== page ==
While none of the paths of our Dell Young Leaders are the same, many note the important role their families and communities play in their education and career. Karabo Maloka, an alum from the 2017 graduating class, was raised by a single mother of four children in Klipgat, a rural area near Mabopane. He is the first university graduate in his family. In this Q&A, Karabo explains how his path to a teaching career has inspired his siblings and students to pursue higher education.
What have you been up to since graduation?
After getting my bachelor’s degree at the University of Pretoria, I began teaching classes from Grade 10 to 12 in accounting and business studies at a secondary school in the North West province. I’m very proud that my learners have a pass rate of more than 90%. In 2019, with just two years of experience, I was appointed as a departmental head for BCM subjects (accounting, business studies, and economics).
I have also been assisting Grade 12 learners across the country by delivering accounting lessons through Motsweding FM and SABC Education. I am a tutor on a “Dial-A-Tutor” programme, an initiative to assist learners in the North West province. I also travel to assist with intervention campaigns and mentor new, young educators.
Looking back at your university journey, what was your biggest challenge?
Starting at varsity was a completely new experience in the unknown. I felt like I was stuck, not knowing what is what, who is who, and where is where. The biggest challenge I faced was around finances. The first few months after I arrived at varsity, I did not have a place to stay. I didn’t know where I would sleep. When I got to university I was very hopeful I would be in one of the campus residences, until I learned I was put on the waiting list.
How did you overcome this challenge?
My mum, who is my superhero, was a domestic worker at the time with a salary of only R1000 per month. She took all of the financial burden so that I could find a residence where I would be able to study while waiting for the result of the financial aid application. This situation lasted for three months, bearing in mind that I’m not my mum’s only dependent. I have other siblings as well.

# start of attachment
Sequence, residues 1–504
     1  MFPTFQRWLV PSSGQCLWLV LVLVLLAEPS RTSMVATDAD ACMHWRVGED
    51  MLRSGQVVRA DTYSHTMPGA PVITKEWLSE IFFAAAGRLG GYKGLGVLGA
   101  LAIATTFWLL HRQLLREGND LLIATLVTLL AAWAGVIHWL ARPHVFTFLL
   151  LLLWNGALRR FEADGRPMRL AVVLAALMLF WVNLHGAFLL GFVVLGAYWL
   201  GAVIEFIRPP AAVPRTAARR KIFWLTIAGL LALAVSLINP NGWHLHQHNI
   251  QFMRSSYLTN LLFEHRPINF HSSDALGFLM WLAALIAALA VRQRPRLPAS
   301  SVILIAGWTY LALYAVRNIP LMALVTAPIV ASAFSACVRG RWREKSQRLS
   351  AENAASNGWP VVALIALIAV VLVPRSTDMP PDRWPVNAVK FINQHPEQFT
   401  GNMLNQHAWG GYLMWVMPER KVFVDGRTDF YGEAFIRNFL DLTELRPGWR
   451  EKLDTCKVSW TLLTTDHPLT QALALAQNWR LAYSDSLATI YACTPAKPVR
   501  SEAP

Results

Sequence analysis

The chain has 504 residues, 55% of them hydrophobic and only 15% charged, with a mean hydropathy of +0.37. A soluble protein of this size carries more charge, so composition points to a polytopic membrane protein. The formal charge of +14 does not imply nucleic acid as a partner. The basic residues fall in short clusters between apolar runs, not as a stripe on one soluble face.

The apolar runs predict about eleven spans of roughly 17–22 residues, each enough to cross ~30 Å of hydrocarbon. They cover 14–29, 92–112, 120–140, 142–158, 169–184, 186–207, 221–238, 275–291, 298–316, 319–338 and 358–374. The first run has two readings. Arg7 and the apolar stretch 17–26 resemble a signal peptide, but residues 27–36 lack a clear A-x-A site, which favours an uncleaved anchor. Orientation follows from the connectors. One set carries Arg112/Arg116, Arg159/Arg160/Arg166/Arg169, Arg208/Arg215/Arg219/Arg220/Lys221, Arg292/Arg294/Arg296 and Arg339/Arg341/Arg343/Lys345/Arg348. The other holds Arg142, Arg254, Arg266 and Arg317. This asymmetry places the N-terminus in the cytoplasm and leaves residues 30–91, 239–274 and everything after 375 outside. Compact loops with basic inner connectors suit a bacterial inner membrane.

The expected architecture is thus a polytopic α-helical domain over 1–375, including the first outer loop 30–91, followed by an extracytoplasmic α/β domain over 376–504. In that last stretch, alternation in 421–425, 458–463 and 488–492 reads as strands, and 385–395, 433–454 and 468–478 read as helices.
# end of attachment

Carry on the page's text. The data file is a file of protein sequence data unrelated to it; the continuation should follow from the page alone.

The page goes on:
I will never forget the day when my mum almost lost hope and insisted that I drop out because she could not support me anymore. I reassured my mum that I was not going anywhere and fortunately one week later my financial aid application was approved. I got my first bursary and that’s when everything started sailing. I got accepted into the Dell Young Leaders programme, which continued to support me financially with all the basic necessities and one-on-one support.
How did you stay motivated to finish your degree?
As the child of a single mum and the first graduate in my family, I could not wait to help and support my family. What really motivated me towards graduation was the fact that I was involved in community activities, especially educational programs. The love and passion I had for working with children was so overwhelming. I was impatient with myself in obtaining my degree because I wanted to be permanently based in a school environment where I would help others progress in life as much as I had.
What has been the impact of your graduation on your family and your community?
I’m actually the first graduate in my family. I’m so happy because my graduation changed the attitude of a lot of people around me. Being the first graduate at home inspired my siblings to go back to school and follow in my footsteps. My older sister is now in her third year of studies, pursuing the same career as me. This really gives me a sense of fulfilment and accomplishment.
As a teacher, I believe that the knowledge I impart on an individual learner is actually knowledge imparted on an entire community. Looking at the community at large, I think my graduation and the work I do has inspired a lot of people. I still see this on a day-to-day basis. The way others respond to me makes me realise the type of impact my graduation has on them. Sometimes when I go to work, I don’t even say, “I’m going to work.” Instead, I wake up with a great feeling of looking forward to getting to school and changing somebody’s life.
I get a lot of messages of gratitude from former students currently in university who say: “I couldn’t do this if you had not been there. I don’t believe I would have made it as far as I have made it without you.” I want to believe that this is because of my career and my graduation. Although my graduation has long past, it continues to inspire many people.